The growth and maintenance of human embryonic stem cells in the absence of contaminated animal products has been demonstrated by University of California, San Diego (UCSD) School of Medicine researchers in the Whittier Institute*, La Jolla, California.
Published in the April 2005 issue of the journal Stem Cells, the study shows that laboratory culture media enriched by a human protein called activin A are capable of maintaining human embryonic stem cells in a continuous undifferentiated state, ready for research. Undifferentiation means the stem cells have not begun the developmental path to become specific human tissue or organs. "Our findings provide a new way to generate human stem cell lines without contamination by animal cells or products," said the study’s senior author, Alberto Hayek, M.D., UCSD professor of pediatrics and director of the Islet Research Laboratory at the Whittier Institute.
Currently, stem cell lines derived from human embryos are grown and nourished in petri dish material called feeder layers that are made with animal connective tissue, primarily mouse and calf. A recent study in Nature Medicine** by UCSD’s Ajit Varki, M.D. showed that human embryonic stem cells grown in this animal-derived tissue become contaminated with a non-human molecule called Neu5Gc. If these stem cells were to be transplanted into people, they would provoke an immune system attack eliminating their therapeutic value.
Sue Pondrom | EurekAlert!
Fine organic particles in the atmosphere are more often solid glass beads than liquid oil droplets
21.04.2017 | Max-Planck-Institut für Chemie
Study overturns seminal research about the developing nervous system
21.04.2017 | University of California - Los Angeles Health Sciences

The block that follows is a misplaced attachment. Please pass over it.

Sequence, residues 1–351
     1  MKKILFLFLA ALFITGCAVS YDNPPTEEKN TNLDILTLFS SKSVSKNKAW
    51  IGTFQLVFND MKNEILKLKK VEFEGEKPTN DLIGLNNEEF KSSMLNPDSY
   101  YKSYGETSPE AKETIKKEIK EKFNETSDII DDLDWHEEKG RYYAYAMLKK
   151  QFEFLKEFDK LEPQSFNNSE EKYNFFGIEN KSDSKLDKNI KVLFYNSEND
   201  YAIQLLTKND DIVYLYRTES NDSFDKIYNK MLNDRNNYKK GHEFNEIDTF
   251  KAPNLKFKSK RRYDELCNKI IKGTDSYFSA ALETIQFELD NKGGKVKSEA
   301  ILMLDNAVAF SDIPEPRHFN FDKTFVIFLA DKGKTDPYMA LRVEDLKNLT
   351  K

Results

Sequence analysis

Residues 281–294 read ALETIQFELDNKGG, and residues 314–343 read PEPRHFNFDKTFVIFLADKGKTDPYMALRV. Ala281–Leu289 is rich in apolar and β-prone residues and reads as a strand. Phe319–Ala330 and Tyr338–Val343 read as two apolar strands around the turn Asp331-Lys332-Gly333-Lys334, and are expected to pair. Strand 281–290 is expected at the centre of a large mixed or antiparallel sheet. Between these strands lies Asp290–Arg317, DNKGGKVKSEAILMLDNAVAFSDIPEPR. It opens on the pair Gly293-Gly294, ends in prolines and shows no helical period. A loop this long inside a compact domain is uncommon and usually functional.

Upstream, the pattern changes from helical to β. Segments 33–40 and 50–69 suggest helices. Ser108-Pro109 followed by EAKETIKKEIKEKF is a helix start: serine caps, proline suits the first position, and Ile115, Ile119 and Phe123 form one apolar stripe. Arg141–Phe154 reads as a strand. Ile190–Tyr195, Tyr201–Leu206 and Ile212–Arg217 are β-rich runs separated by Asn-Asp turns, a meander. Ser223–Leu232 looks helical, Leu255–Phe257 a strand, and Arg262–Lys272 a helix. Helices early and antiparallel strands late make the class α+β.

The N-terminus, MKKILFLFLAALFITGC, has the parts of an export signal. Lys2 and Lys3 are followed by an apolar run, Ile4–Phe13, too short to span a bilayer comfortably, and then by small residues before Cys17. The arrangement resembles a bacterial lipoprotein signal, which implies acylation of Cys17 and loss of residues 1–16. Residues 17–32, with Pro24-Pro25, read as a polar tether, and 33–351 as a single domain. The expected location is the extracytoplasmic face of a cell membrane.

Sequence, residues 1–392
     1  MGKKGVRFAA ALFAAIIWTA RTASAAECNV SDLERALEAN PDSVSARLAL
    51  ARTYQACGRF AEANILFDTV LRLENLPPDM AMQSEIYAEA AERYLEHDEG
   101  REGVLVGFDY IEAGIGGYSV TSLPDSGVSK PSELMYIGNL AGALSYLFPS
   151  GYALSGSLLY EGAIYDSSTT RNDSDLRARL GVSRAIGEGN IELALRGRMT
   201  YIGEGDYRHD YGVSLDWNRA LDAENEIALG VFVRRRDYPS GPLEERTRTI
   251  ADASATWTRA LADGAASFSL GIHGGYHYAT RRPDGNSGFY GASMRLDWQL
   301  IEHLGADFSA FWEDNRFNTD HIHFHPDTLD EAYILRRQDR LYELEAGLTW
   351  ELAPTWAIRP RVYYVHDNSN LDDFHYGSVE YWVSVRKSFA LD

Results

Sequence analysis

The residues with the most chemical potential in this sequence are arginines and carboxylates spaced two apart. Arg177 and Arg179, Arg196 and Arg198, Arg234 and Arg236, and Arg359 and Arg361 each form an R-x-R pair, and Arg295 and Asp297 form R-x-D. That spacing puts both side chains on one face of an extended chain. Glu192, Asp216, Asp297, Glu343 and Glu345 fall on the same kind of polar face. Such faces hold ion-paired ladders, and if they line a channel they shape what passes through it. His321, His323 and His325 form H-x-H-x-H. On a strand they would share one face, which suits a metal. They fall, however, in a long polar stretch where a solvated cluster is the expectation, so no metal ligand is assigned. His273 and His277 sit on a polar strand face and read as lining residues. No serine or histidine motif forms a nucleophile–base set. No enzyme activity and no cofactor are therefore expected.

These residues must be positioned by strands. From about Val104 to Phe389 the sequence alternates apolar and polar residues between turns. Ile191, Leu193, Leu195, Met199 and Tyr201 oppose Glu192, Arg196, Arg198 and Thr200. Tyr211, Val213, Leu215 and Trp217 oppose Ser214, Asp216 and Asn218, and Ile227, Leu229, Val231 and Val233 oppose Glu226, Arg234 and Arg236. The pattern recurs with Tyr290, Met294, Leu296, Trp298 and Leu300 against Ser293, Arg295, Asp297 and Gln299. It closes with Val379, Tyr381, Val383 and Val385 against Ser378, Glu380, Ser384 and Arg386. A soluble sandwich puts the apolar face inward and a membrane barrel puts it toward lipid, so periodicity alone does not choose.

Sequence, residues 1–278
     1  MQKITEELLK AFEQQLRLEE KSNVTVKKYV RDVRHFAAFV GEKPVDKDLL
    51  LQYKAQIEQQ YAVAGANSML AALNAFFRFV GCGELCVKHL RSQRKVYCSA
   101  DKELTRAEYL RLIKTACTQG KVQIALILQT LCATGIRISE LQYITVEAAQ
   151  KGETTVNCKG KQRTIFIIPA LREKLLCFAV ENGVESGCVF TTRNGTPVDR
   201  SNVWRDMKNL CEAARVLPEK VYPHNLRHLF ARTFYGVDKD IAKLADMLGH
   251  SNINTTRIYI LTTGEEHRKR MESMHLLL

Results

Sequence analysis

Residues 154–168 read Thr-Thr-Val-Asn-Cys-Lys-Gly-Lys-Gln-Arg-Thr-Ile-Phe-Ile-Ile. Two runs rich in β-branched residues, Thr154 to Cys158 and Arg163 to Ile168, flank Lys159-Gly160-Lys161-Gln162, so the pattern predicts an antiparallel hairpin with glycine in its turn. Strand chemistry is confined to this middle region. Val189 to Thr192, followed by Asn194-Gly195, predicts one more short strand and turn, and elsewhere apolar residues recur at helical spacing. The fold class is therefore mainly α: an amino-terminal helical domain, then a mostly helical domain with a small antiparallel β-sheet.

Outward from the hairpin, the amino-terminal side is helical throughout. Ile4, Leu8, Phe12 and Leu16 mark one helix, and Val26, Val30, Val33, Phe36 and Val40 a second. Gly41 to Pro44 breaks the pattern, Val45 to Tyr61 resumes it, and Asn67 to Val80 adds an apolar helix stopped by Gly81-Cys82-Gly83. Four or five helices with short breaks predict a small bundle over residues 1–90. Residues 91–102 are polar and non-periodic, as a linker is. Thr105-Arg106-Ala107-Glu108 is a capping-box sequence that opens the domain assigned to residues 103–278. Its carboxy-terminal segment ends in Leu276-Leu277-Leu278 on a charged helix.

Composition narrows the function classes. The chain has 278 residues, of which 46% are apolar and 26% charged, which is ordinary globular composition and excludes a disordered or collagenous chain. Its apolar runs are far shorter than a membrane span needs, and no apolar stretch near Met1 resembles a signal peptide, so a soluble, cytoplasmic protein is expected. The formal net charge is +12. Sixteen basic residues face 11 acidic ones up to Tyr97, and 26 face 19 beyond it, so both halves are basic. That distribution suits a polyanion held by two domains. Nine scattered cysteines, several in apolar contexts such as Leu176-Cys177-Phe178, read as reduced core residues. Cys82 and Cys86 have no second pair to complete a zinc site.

The nearby, giant radio galaxy M87 hosts a supermassive black hole (BH) and is well-known for its bright jet dominating the spectrum over ten orders of magnitude in frequency. Due to its proximity, jet prominence, and the large black hole mass, M87 is the best laboratory for investigating the formation, acceleration, and collimation of relativistic jets. A research team led by Silke Britzen from the Max Planck Institute for Radio Astronomy in Bonn, Germany, has found strong indication for turbulent processes connecting the accretion disk and the jet of that galaxy providing insights into the longstanding problem of the origin of astrophysical jets.
Supermassive black holes form some of the most enigmatic phenomena in astrophysics. Their enormous energy output is supposed to be generated by the...
The probability to find a certain number of photons inside a laser pulse usually corresponds to a classical distribution of independent events, the so-called...
Microprocessors based on atomically thin materials hold the promise of the evolution of traditional processors as well as new applications in the field of flexible electronics. Now, a TU Wien research team led by Thomas Müller has made a breakthrough in this field as part of an ongoing research project.
Two-dimensional materials, or 2D materials for short, are extremely versatile, although – or often more precisely because – they are made up of just one or a...
Two researchers at Heidelberg University have developed a model system that enables a better understanding of the processes in a quantum-physical experiment...
Glaciers might seem rather inhospitable environments. However, they are home to a diverse and vibrant microbial community. It’s becoming increasingly clear that they play a bigger role in the carbon cycle than previously thought.
A new study, now published in the journal Nature Geoscience, shows how microbial communities in melting glaciers contribute to the Earth’s carbon cycle, a...
20.04.2017 | Event News
18.04.2017 | Event News
03.04.2017 | Event News
21.04.2017 | Physics and Astronomy
21.04.2017 | Health and Medicine
21.04.2017 | Physics and Astronomy